The Climate-Health Connection: Food and Water Insecurity (VIDEO)
When it comes to our food and water, the climate-health connection works like this: burning fossil fuels fill the atmosphere with carbon pollution, raising temperatures worldwide and threatening the well-being of people in communities everywhere.
These rising temperatures mean less snow piling up in winter, snow that used to feed rivers and reservoirs come spring. Longer droughts and less water seeping down into the earth and restoring critical groundwater supplies. Thawing glaciers that once provided water for billions slowly disappearing. Erratic rains increasing droughts and contributing to a world with less and less clean water.
Less water for us to live.
Less water for the farms that feed us, too.
Devastating storms and floods are striking harder and more often, sometimes wiping out entire harvests. More and more, rain and frost are coming out of season and destroying crops. And pests and plant diseases are spreading further across our planet, reaching regions once too cool to support them.
In short: The climate crisis is throwing seasons out of balance and fueling all kinds of extreme weather, threatening global food and water supplies.
And these dangers are growing at the same time that the world's population is too.
“The world population is expected to grow to almost 10 billion by 2050. With 3.4 billion more mouths to feed…global demand for food could increase by between 59 and 98 percent,” according to Columbia University. “This means that agriculture around the world needs to step up production and increase yields.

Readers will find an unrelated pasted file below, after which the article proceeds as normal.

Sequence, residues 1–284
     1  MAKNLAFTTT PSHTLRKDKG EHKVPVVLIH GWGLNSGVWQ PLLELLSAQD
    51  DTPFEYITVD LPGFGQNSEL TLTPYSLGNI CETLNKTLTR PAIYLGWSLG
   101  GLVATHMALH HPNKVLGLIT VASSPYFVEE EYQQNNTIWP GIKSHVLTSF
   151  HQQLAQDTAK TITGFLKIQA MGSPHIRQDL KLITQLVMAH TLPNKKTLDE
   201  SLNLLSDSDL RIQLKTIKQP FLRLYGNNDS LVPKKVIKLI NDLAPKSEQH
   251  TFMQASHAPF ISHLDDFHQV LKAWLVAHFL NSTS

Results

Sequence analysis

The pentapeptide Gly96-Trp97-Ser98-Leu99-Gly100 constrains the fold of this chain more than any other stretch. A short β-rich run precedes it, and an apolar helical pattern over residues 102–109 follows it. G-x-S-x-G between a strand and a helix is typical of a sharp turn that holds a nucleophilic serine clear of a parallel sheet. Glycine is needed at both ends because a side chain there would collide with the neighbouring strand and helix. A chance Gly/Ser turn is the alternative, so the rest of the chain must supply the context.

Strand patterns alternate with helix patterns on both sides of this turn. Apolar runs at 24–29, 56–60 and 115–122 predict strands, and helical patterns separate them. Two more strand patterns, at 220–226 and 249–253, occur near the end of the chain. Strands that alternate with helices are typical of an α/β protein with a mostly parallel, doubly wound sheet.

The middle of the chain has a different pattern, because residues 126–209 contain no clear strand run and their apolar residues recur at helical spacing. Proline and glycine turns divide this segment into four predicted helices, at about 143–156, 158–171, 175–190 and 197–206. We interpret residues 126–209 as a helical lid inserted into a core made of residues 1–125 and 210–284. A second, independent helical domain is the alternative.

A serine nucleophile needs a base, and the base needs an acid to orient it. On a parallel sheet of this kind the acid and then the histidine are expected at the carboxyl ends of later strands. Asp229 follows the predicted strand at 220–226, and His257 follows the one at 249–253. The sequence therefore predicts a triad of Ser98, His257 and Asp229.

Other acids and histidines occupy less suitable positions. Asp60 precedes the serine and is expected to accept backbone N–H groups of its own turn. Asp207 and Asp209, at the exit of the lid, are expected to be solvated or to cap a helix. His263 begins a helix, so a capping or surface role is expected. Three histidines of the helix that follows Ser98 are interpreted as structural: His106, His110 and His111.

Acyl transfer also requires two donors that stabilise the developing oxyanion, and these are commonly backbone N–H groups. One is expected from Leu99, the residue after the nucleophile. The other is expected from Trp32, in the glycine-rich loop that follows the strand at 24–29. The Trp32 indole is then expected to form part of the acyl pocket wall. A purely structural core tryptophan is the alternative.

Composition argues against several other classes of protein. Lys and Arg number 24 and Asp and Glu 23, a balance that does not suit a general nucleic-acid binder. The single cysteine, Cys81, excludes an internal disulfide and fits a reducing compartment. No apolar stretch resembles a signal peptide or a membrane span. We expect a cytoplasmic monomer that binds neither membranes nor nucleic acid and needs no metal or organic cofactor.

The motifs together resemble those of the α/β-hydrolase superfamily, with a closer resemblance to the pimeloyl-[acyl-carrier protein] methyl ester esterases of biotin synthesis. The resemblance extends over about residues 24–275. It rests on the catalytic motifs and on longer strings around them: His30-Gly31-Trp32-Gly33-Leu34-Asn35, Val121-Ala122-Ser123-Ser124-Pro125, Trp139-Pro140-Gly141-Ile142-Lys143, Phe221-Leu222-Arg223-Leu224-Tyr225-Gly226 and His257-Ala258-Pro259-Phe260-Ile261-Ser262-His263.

“But scientists say that the impacts of climate change—higher temperatures, extreme weather, drought, increasing levels of carbon dioxide, and sea level rise—threaten to decrease the quantity and jeopardize the quality of our food supplies.”
The stakes don’t get much higher than that.
Scientists are also just beginning to understand a new threat: elevated levels of carbon dioxide in the atmosphere are depleting protein and other key nutrients like iron and zinc in our crops. The food we've eaten for centuries is slowly becoming less nutritious, putting countless people at risk of malnutrition.
“Every leaf and every grass blade on earth makes more and more sugars as CO2 levels keep rising,” one researcher told POLITICO. “We are witnessing the greatest injection of carbohydrates into the biosphere in human history ― [an] injection that dilutes other nutrients in our food supply.”
Some researchers have called this the “junk food effect.”
While this area of study is relatively new, scientists hypothesize that increased atmospheric CO2 speeds up photosynthesis, the process that helps plants transform sunlight to food. This makes plants grow faster, but in so doing they pack in more carbohydrates like glucose at the expense of other essential nutrients human beings (and other animals, right down the food chain) depend on.
Bottom line: it's a direct connection from burning fossil fuels to a world where nutritious food and clean water becomes scarce. But today, we can skip the dirty stuff and protect our health and power our lives with clean and affordable renewable energy.
In the world where our health is in the balance, the choice is clear: protect our planet protect ourselves.
Will you join us?